15. I was led to believe that a longer soak time leads to a more thorough tempering. Plenty of guys in the knife section of this forum felt it was the right thing to do. I have drawn a temper with a torch after hardening, and not gotten the results I was hoping for. Frank: when I have drawn a knife to blue/peacock the blade broke under intentional testing, and it showed a small grain size at the break. I had only gotten the spine blue and not the edge. Any advice would be helpful in that department. Ironmike: Not sure your comments are helpful. thanks anyway
  16. Yes indeed, all great ideas. Of course we would need to eat lunch, duh, Why didnt I think of that? Making a sheath is also a good one. That's probably what I will end up doing. I've talked to a lawyer-friend about the waiver, but I've been on the fence about the insurance. Havent looked in to it mainly because I am afraid it will be more expensive than what I will bring in doing the classes at this point. I've got a pretty small operation, just 2 anvils and one forge.
  17. I've been thinking of doing a class to teach how to make a hatchet from a ball peen hammer. Initially I would only do 2 people at a time, depending on their skill level I might be doing most of the hammering. The big issue is the heat treat. I would normally want to bake these suckers in an oven for 2 hours like I would one of my knives, but that's a long time to have someone hanging out at a loose end. I thought maybe I could stretch it to 2 days, one for hot work, the other for cold. Just want to know if anyone else has had experience with this kind of setup. Is there some other way to heat treat that would be quicker? Any advice would be good as it's my first time doing a class like this.
  18. Great Idea jacobd, I'd never thought of that before. Have you tried that technique yourself?
  19. It's not a first stab at an axe because axes don't stab. Haha. Anyway I am getting ready to start on my first axe head. I've done some knives and I've done some forge welding. The question I have is this: Should I cut the slit and drift the hole for the handle before or after I hammer out the blade and forge weld the bit in. This will not be a wrapped style of axe head by the way.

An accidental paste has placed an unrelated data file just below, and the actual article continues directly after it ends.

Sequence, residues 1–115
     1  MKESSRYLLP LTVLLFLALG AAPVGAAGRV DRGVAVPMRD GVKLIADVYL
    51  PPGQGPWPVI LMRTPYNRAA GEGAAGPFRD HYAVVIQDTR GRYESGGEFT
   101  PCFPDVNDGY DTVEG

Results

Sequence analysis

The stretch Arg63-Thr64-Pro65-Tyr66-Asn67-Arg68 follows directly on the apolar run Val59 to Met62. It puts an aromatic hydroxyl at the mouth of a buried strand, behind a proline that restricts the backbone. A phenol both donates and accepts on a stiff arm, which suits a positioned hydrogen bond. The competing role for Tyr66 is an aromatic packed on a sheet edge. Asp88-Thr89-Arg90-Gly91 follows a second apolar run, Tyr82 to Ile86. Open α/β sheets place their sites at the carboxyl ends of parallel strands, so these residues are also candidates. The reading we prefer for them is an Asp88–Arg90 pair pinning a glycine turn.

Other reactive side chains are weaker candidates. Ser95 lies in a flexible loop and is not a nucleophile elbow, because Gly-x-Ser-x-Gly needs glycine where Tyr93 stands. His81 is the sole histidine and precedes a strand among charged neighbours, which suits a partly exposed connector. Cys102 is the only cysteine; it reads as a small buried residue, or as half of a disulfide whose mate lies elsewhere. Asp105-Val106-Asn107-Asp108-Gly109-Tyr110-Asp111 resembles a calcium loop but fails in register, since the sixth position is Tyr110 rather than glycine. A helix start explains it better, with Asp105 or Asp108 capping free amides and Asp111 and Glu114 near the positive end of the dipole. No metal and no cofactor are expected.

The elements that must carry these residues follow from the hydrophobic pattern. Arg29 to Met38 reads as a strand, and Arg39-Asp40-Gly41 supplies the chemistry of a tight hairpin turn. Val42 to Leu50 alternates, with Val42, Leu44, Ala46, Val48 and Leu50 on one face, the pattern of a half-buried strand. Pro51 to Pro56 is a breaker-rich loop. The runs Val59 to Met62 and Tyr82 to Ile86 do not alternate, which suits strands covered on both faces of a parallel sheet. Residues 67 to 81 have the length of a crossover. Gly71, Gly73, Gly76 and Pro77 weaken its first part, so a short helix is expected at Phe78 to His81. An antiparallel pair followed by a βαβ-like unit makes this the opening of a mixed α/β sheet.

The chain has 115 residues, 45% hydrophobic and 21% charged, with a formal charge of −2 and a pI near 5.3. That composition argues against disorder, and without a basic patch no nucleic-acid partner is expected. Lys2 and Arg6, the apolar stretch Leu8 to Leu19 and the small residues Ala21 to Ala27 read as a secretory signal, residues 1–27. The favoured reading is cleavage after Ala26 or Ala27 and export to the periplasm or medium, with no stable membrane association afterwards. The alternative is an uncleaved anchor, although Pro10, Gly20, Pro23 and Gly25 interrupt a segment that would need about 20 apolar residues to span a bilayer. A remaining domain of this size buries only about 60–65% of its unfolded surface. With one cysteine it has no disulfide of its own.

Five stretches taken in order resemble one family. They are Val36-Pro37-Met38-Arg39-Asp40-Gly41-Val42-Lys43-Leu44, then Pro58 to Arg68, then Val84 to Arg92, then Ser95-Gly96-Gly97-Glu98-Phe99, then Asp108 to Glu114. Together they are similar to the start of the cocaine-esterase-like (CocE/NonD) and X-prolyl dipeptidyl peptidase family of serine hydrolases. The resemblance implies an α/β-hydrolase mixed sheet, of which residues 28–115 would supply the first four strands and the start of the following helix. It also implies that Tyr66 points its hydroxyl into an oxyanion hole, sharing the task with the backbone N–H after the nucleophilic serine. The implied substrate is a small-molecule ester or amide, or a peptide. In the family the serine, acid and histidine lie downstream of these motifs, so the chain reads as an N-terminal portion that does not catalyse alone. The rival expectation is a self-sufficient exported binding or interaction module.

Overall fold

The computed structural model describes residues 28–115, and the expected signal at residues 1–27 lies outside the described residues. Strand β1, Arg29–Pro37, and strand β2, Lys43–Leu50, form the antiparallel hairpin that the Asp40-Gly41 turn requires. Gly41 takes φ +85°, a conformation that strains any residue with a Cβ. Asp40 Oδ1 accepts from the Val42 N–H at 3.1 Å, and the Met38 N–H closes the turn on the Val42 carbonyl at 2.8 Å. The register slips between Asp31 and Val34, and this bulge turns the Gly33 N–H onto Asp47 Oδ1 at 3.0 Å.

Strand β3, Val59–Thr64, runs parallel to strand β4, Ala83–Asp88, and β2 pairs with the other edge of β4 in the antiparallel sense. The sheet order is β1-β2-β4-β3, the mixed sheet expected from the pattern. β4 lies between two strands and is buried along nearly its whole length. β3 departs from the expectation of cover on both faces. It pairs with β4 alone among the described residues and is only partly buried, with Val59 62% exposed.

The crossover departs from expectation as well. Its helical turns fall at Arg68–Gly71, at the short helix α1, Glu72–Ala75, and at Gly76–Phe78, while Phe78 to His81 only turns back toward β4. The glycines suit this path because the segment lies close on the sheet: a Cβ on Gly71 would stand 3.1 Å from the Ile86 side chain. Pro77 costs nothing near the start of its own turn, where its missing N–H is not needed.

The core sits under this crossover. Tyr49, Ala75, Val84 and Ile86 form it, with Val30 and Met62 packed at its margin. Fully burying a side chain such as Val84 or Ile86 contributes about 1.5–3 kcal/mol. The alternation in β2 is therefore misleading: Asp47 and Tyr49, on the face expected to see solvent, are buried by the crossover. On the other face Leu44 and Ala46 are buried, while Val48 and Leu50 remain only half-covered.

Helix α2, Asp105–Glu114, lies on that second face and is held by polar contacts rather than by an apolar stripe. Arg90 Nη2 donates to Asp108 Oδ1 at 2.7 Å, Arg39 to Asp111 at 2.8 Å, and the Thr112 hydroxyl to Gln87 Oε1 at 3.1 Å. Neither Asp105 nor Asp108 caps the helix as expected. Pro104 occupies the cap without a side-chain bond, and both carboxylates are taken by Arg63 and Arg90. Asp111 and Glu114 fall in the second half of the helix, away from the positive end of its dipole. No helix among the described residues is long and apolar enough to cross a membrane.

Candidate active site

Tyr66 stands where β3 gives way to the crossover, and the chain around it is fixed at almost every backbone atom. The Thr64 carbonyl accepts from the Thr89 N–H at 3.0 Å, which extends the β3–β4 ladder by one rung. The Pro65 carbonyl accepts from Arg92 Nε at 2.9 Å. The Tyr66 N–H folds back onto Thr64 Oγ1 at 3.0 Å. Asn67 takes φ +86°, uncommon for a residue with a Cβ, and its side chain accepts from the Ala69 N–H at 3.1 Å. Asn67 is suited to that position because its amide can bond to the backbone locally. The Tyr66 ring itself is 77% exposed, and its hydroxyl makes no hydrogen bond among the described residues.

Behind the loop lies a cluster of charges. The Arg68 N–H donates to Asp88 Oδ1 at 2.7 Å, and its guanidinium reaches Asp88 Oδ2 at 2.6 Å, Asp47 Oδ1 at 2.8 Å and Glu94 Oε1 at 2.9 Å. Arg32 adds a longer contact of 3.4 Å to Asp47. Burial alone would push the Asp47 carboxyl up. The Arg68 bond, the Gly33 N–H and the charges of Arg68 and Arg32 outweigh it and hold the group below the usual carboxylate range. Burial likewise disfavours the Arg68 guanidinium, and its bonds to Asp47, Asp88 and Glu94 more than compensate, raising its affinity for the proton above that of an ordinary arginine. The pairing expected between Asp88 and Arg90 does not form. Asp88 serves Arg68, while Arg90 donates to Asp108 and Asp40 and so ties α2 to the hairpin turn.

20. The Florida Artist Blacksmith Association has a great online resource, and you don't even need to be a member to view the info. Here is the linkhttp://blacksmithing.org/resources/howto/. A ton of Animal heads. Just 30 min ago I finished this one. It's the first animal head I have ever done, I still want to do some file work to refine the shape, but I am pretty happy with him. If you live in Florida I strongly suggest you join. Only $25 for the year, monthly meetings and a newsletter that always has a good project in it.
  21. Sorry for the slow reply Gerald. The runes on the wooden portion are my makers mark. It's my interpretation of Crooked Path, the name of my forge. The ones burned into the bone are mainly a thanks, a blessing, and request for aid. Little prayers I thought would be useful when harvesting plants and whatnot. I use the Anglo-Saxon Futhork as apposed to the Elder Futhorc.
  22. Well I just got done with a boline myself, thought I'd share it. The curve is less severe, so I didnt have as much trouble keeping everything in order. I worked one side of the bevel, fixed the curved, heated, then worked the other side, fixed and heated. Seemed to work pretty well.
  23. Just got a new anvil! It's a Hay-Budden was made somewhere between 1910-12, and for being over 100yrs old its in really good shape. He weighs 152lbs made in Brooklyn NY. The last picture is the anvil that I am replacing, look at the difference of the facing there. Special thanks to Lewis Riggleman of Ram's Head Forge for selling it to me at a reasonable price. He almost always has at least one anvil for sale. (Except for right now because I bought the last one). Check with him in a few months if you are looking for an anvil in Florida, and let him know Jordan "Two-Beards" sent ya.